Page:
Looking Beyond the Ferris Wheel: ‘Search Engine for her Future Self’
Essay by Marcus Moore
“She went to buy a ticket at the booth in front of the Ferris wheel.‘We’ll be closing pretty soon, Mademoiselle,’ the ticket seller,
an old man, told her…. This will be the last ride. One time around and we’re finished.”
[…] ‘That’s all right. Once is enough,’ Miu replied. She brought a ticket and stepped up on the platform…. Empty boxes swung
idly through the air as they revolved as if the world itself were fizzling out towards its end.”[i]
As the artist sat at the window she was visited by her future self. The machine winds down and comes to a complete halt. There is silence. Then there is a pitch, a sound measuring the frequency of vibrations from one dimension unto another. There is a portal. Later there comes a painting. Existing on a two-dimensional plane is carbon from a pencil, pigment from paint. These works spin: rocking our physical world, orientating a higher plane of existence on a piece of watercolour paper.
The central character in the passage quoted above, from Murakami’s Sputnik Sweetheart, gets trapped on a Ferris wheel. One can visualize a gondola swaying on its suspension to a large radial structure. Like so many of Murakami’s novels the moment precipitates a transcendence in space-time. Seated from within the gondola—now become an observation capsule—Miu gazes across the city toward the apartment in which she lives. Gazing in through its windows, with the aid of a pair of binoculars, she sees herself in the bedroom. How can she be in two places at one and the same time? Both within the gondola capsule and across the other side?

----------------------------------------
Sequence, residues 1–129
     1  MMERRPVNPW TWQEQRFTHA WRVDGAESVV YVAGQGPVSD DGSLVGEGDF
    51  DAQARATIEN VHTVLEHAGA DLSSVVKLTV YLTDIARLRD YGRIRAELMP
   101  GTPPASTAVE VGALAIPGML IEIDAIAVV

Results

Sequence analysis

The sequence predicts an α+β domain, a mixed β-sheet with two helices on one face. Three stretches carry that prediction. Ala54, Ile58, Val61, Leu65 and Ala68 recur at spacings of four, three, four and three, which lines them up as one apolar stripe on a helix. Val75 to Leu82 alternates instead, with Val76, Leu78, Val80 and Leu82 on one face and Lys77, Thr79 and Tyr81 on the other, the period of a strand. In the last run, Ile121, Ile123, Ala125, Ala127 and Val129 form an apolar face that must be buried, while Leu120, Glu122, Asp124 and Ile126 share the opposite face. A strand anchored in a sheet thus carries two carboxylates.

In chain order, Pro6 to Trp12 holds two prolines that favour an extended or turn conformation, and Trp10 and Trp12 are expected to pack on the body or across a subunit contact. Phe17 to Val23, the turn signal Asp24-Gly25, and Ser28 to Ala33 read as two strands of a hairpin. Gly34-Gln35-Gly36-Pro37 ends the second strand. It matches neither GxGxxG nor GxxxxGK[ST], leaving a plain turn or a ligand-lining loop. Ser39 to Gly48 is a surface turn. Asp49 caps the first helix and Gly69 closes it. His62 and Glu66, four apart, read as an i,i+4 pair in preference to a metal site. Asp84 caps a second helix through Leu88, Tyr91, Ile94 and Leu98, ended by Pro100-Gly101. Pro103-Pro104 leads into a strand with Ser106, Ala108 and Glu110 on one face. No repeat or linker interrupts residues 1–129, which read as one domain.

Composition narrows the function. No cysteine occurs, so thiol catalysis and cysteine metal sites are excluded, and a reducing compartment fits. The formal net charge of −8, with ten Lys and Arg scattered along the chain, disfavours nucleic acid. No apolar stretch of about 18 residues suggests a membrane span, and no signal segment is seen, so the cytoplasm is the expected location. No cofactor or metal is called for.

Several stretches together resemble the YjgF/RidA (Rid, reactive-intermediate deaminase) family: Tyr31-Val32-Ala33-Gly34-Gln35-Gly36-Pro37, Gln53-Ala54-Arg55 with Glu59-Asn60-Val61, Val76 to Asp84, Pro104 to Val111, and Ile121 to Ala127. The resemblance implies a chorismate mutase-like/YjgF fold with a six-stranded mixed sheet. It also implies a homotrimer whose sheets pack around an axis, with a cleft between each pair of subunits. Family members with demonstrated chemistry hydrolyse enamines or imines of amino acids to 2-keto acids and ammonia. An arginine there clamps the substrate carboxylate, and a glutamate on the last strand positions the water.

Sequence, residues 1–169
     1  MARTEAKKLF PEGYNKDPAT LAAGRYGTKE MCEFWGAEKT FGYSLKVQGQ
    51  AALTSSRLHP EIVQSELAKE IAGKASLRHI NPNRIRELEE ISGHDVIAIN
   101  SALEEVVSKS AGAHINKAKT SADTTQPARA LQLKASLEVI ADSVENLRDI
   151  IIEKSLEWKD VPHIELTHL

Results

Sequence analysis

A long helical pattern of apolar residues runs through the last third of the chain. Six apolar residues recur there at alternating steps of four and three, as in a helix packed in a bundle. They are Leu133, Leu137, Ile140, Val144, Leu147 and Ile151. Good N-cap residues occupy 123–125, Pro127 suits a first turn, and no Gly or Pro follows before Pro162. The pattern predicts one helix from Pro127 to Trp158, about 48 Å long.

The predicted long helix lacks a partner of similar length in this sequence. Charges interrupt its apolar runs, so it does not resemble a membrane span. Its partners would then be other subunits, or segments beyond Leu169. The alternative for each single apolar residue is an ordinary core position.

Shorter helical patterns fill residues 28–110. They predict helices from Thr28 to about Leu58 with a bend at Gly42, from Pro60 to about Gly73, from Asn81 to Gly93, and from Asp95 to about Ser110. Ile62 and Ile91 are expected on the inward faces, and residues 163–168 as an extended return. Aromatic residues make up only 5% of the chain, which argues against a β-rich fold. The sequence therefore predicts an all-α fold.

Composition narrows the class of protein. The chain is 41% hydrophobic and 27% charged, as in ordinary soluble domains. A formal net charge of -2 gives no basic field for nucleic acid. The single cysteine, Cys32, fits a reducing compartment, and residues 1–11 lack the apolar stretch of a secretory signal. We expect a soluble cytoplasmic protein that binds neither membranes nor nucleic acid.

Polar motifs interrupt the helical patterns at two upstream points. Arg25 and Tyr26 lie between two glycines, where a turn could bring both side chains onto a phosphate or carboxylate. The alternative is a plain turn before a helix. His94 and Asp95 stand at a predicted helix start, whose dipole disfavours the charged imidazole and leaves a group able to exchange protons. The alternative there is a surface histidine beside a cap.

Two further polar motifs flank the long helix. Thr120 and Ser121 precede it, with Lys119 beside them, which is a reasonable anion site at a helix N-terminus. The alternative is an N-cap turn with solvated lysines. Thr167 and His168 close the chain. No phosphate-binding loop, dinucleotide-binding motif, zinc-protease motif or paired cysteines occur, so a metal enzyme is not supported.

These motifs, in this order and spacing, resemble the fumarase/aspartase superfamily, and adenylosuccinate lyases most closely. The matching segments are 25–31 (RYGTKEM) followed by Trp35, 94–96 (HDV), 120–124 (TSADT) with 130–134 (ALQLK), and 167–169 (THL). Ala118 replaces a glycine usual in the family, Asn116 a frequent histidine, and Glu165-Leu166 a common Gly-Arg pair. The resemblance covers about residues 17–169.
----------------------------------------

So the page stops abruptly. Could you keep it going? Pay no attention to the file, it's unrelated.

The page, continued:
The Ferris wheel is an apt mechanism in parallel to the work of Kathy Barry, represented here in her 12 watercolours collectively titled ‘Search Engine for her Future Self.’ A Ferris wheel starts up, rocks slightly forward-and-back on its axle, then revs up, reaching its zenith through ascending gears to revolve at full velocity. Designed to excite the human occupant, the Wheel alters gravity’s experience. We feel the lurch in our innards. Ferris amusements thrill us, make us giddy on exhilarating loops, then return us to the place we boarded. As with other apparatuses discovered in his novels, for Murakami the Ferris wheel becomes a portal to another spatial-temporal plane. Miu sees not herself across the city, but her future self, come to visit as portent.
Peering through the picture glass to the orbiting colours of Kathy Barry’s work—scanning the labyrinthine of electric blues, hot pinks, burnt orange and emerald greens—easily belies the efforts gone into their production. Hundreds of hours of labour equates to hundreds of elongated rectangles, trapezoids, and triangles of various sizes. Each is as a capsule travelling on intersecting radial lines, suspended like good exhilarating drugs for the taking.
Perhaps the account of the works’ aesthetics ought to be slowed down, and, akin to a Ferris wheel turning at speed, braked to descend through gears and come back down to earth, for pause and momentary halt. To settle our equilibrium before we start the second ride, and climb toward an apex of the great spinning disk.
The works’ geometries lift off again, and conversely worm-down deep into the two-dimensional plane, a multi-dimensional network going way beyond the paper surface, the frames, the glass, and the room they’re in. These watercolours record unseen transmissions from the natural world that resides outside of the narrowband of human perception. As frequency diagrams they work their effect on us to bridge an energetic relationship with our consciousness.[i] What appear outwardly such visible and precise optical diagrams do not immediately yield the secrets that their abstract geometries hold—energies that remain, ironically, completely invisible to the eye. Said this way: ‘it is not things in themselves that are important but the transcendental dimensions beyond them.’[ii]